Trump says he'll offer message of unity in State of the Union

Trump says he'll offer message of unity in State of the Union
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President TrumpDonald John TrumpTrump threatens ex-intel official's clearance, citing comments on CNN Protesters topple Confederate monument on UNC campus Man wanted for threatening to shoot Trump spotted in Maryland MORE said he will offer a message of unity to a divided nation Tuesday night during his first State of the Union address. 

"I want to see our country united," Trump said during a pre-speech lunch with network news anchors. "If I could unite the country, I would consider it a tremendous success."

The president added that he would like to bring the country together “without a major event,” like a terror attack or natural disaster.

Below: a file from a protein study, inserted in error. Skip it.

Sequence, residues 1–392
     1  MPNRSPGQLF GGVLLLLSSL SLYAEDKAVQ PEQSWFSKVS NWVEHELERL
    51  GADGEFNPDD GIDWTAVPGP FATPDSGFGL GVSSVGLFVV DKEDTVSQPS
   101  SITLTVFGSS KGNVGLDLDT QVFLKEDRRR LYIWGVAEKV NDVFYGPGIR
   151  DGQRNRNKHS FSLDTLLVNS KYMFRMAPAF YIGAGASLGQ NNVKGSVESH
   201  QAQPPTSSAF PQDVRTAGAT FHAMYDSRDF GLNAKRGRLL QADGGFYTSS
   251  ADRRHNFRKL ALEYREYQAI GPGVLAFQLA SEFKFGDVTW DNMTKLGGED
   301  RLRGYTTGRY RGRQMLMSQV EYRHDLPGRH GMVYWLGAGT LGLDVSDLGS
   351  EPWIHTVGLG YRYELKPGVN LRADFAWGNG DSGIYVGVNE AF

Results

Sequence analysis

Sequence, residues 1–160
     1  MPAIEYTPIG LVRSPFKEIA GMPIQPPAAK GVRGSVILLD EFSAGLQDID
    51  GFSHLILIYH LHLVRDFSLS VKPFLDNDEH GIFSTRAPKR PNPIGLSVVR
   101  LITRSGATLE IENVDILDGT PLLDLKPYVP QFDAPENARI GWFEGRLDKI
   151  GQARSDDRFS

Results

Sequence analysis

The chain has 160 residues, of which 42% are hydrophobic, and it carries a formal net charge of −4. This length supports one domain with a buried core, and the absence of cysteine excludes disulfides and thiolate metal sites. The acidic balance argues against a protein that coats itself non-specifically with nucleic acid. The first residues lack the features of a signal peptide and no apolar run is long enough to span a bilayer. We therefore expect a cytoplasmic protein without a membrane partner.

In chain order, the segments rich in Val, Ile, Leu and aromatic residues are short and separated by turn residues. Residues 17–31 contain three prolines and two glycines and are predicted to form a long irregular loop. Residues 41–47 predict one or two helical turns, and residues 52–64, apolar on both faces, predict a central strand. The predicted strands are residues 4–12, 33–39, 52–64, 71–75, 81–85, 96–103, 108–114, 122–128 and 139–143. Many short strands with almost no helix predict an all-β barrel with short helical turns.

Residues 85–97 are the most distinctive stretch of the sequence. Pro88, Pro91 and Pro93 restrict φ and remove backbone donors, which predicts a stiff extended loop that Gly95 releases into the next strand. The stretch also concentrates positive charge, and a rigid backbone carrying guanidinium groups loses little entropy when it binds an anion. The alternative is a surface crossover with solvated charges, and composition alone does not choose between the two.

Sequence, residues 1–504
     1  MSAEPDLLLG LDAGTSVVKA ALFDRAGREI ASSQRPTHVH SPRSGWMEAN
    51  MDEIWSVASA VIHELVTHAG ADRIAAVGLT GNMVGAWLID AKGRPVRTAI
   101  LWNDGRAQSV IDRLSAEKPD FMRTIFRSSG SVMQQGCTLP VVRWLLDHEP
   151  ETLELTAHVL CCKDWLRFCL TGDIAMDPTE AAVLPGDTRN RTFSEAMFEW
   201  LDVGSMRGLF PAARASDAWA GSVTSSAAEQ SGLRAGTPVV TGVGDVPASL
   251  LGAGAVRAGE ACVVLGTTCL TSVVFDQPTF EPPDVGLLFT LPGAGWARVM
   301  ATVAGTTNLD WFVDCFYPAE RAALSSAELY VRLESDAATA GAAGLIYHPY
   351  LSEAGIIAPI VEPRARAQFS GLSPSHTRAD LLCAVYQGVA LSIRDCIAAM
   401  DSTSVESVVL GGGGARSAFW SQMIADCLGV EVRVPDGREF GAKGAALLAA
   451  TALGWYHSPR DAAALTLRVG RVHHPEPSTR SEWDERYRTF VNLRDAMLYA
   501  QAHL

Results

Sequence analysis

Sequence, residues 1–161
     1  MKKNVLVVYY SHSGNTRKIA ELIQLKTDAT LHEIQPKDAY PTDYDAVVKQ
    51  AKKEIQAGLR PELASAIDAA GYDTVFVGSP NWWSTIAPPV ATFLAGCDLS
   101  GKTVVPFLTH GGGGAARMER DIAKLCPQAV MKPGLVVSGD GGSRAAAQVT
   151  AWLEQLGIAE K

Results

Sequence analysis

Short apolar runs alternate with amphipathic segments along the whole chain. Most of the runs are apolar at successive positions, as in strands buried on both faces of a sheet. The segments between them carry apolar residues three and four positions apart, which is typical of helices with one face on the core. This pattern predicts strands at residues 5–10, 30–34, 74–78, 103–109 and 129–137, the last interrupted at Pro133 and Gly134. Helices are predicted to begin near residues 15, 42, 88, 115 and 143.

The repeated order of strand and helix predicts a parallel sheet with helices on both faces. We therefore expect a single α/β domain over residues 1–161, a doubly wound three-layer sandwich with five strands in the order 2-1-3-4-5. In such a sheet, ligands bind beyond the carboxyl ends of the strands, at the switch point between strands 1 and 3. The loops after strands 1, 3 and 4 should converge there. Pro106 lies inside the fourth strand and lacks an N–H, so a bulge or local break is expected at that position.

Trump’s speech comes amid a series of controversies over tensions between the president and the Justice Department over the investigation into Russia's meddling in the 2016 election an any potential collusion with Trump's campaign. 

The president said the rampant polarization in the U.S. traces back to the impeachment of President Clinton.

"Tremendous divisiveness, not just over the past year," he said.

The speech also comes ahead of a midterm election year that has been marked by intense partisan fighting and a political environment that favors Democrats.

But Trump is signaling he will use his speech to reach beyond his core supporters by calming some of the heated rhetoric he has used during his first year in office. 

Administration officials say he plans to take credit for the roaring economy while pushing Congress to take bipartisan action on immigration. 

He will also outline his plan to rebuild the nation's roads, bridges and transit systems, an initiative that could attract Democratic support, as well as push his agenda on trade.